Rudolf Stingel’s first exhibition at Sadie Coles HQ is a series of new gold wallpaper paintings. A composition of repeated units, the mechanically reproduced paintings initially appear to be identical elements forming a homogenous whole. On closer inspection idiosyncrasies come to light, signs of corruption in the production process, signs of human input, that render them unique parts of a unique whole and the end, or rather a stage, in an organic process.
At the 2003 Venice Biennale Rudolf Stingel created a silver room. Within the Italian pavilion, curated by Francesco Bonami, under the title Sogni e Conflitti: La dittatura dello spettatore/ Dreams and Conflicts: The dictatorship of the spectator, Stingel’s installation captured the curatorial thread and brought it to life. The hoards of visitors making their art pilgrimage scratched their names, jokes, comments, images into the silver, like children on a school trip leaving their graffitied legacy on the walls of public toilets. As free space ran out people stuck on papers, photographs and objects, like votive offerings at a saint’s shrine. An art shrine; visually, aesthetically, but at root the very antithesis; standing against the sacrosanct status of the work and demystifying the figure of the artist as damage was reconfigured as creation and the work became the ultimate collaborative project./p>
A path to the room in Venice can be traced back from 1989, when Stingel published a manual in English, Italian, German, French, Spanish and Japanese, 'Instructions, Istruzioni, Anleitung...', outlining the equipment and procedure that would enable anyone to create one of his paintings: an altruistic gesture, with which to counteract a culture of veneration. This democratic intent has been matched by Stingel’s choice of materials; wallpaper, Styrofoam, carpets - ordinary, ubiquitous tools that nod towards the legacy of arte povera. In the selection of silver and gold asceticism is overruled by decadence, but these works stand alongside the others as attempts to disrupt the modernist monochrome. Working with strident orange or a jarring blue and pink floral patterned carpet Stingel launches an assault on the paradoxical idea of a neutral aesthetics. Decoration is allowed back, texture takes its place alongside the visual in this heightened sensory environment. Stingel disrupts our perception of the spaces we inhabit and our perception of the spaces of exhibition, as he destabilizes the accepted hierarchy between the work and the context.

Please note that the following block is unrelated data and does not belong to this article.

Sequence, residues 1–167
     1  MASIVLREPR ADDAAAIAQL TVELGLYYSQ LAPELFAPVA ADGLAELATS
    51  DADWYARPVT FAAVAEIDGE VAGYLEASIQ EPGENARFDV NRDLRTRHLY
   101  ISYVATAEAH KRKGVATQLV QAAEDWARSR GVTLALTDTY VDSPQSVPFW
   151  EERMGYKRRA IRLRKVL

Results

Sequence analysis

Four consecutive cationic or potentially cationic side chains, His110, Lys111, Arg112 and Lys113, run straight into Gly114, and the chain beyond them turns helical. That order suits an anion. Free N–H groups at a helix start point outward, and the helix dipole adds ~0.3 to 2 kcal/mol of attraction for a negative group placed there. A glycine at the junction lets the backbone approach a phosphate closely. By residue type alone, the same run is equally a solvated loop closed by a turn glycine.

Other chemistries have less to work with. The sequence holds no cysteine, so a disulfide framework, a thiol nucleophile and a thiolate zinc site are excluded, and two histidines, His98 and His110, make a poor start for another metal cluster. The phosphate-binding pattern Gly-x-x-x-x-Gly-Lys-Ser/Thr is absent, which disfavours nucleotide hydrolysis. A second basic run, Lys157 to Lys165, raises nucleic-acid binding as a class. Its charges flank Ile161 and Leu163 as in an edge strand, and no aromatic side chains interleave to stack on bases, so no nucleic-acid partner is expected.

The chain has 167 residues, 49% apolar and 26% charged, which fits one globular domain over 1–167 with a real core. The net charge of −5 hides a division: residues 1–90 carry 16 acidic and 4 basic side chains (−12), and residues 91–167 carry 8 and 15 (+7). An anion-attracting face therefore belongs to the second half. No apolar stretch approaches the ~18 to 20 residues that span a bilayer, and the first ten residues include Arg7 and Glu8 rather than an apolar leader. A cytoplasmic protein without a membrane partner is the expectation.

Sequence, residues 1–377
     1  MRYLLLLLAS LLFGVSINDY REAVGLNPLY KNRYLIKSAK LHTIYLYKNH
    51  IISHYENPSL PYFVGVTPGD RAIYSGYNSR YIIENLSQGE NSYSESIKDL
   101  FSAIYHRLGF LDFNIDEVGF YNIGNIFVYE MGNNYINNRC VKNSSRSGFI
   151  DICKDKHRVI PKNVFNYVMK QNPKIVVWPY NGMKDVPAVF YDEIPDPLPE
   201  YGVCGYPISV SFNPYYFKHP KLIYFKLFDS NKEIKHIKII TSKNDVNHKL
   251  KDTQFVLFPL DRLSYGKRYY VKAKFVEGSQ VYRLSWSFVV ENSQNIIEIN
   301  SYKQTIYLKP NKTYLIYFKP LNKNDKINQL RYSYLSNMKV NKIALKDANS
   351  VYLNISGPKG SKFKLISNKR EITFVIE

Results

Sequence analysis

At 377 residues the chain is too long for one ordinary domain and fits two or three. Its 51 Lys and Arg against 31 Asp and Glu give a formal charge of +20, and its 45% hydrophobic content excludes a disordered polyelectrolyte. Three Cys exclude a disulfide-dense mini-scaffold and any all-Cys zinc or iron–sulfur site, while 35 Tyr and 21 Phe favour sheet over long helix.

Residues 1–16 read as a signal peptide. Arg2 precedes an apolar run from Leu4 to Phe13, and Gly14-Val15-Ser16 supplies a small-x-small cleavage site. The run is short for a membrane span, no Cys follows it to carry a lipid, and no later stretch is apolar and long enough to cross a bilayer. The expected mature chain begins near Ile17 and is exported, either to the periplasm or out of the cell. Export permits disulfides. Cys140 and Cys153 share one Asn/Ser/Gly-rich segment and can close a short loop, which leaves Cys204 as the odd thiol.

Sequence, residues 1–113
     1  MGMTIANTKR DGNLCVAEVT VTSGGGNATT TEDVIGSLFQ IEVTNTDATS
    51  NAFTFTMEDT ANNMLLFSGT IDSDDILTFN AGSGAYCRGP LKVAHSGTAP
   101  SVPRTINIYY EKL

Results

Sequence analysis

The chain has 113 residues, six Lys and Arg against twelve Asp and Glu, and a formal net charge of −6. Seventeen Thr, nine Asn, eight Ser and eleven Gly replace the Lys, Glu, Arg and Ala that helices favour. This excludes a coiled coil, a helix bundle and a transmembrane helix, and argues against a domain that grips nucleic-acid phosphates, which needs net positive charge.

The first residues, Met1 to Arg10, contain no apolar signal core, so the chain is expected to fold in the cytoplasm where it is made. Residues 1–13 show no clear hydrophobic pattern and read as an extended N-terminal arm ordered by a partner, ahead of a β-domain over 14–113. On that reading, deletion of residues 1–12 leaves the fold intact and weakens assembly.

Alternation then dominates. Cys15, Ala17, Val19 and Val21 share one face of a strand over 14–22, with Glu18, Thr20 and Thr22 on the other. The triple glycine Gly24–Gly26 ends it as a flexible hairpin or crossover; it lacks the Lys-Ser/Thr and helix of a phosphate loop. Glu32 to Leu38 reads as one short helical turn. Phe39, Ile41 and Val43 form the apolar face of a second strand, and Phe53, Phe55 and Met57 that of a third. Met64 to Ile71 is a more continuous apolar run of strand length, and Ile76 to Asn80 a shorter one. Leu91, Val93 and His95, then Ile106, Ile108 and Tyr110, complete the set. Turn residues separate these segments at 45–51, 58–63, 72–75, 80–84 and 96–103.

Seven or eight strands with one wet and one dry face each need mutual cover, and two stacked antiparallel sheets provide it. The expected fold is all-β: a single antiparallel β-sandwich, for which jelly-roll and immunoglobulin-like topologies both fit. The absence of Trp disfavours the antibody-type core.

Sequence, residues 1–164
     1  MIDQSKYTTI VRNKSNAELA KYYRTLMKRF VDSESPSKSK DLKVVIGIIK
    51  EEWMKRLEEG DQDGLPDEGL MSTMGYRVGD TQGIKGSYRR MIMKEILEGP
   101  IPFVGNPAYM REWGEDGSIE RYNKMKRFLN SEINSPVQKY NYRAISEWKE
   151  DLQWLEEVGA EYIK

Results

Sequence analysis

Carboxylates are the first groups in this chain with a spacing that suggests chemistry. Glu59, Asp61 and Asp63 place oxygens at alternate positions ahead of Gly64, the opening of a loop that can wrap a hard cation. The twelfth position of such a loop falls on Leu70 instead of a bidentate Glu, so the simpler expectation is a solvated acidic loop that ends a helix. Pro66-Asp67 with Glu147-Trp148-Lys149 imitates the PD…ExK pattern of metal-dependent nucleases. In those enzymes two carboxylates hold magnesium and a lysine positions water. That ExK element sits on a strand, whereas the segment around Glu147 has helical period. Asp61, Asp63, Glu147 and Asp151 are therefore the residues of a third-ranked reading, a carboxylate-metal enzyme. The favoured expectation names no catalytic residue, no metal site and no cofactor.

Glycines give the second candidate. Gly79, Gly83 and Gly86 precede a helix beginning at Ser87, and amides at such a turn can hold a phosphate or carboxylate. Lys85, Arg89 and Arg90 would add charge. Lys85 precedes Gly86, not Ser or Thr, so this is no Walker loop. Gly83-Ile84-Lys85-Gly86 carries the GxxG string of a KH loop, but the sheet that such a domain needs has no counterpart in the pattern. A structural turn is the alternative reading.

Born in Italy, Rudolf Stingel lives and works in New York. He has exhibited widely throughout Europe and the United States, in both solo and group shows, including an installation with Felix Gonzalez Torres in the Neue Galerie Graz in Austria in 1994 and a mid-career retrospective at the Museo d'Arte Moderna e Contemporanea in Trento, Italy in 2001. His work was included in the Venice Biennale in both 1993 and 2003 and in 2004 he collaborated with the Public Art Fund to create the site specific Plan B for the Grand Central Station, New York and the Walker Art Center in Minneapolis.